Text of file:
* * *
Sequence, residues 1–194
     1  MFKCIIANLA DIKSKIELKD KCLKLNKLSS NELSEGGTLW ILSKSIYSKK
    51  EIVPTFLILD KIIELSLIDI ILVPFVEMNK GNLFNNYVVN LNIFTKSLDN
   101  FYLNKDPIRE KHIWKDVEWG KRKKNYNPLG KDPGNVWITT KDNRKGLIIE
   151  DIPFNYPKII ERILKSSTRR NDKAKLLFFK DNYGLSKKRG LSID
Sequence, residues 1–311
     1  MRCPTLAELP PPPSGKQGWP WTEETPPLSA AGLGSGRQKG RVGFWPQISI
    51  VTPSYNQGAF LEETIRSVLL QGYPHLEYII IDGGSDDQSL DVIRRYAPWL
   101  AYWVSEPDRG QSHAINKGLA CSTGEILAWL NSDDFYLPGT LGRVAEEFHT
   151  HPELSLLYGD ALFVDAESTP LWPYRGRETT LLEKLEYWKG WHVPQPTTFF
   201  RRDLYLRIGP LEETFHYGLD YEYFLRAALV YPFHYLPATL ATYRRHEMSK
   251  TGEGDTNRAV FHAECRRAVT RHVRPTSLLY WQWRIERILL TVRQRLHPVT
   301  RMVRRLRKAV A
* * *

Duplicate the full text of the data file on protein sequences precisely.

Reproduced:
Sequence, residues 1–194
     1  MFKCIIANLA DIKSKIELKD KCLKLNKLSS NELSEGGTLW ILSKSIYSKK
    51  EIVPTFLILD KIIELSLIDI ILVPFVEMNK GNLFNNYVVN LNIFTKSLDN
   101  FYLNKDPIRE KHIWKDVEWG KRKKNYNPLG KDPGNVWITT KDNRKGLIIE
   151  DIPFNYPKII ERILKSSTRR NDKAKLLFFK DNYGLSKKRG LSID
Sequence, residues 1–311
     1  MRCPTLAELP PPPSGKQGWP WTEETPPLSA AGLGSGRQKG RVGFWPQISI
    51  VTPSYNQGAF LEETIRSVLL QGYPHLEYII IDGGSDDQSL DVIRRYAPWL
   101  AYWVSEPDRG QSHAINKGLA CSTGEILAWL NSDDFYLPGT LGRVAEEFHT
   151  HPELSLLYGD ALFVDAESTP LWPYRGRETT LLEKLEYWKG WHVPQPTTFF
   201  RRDLYLRIGP LEETFHYGLD YEYFLRAALV YPFHYLPATL ATYRRHEMSK
   251  TGEGDTNRAV FHAECRRAVT RHVRPTSLLY WQWRIERILL TVRQRLHPVT
   301  RMVRRLRKAV A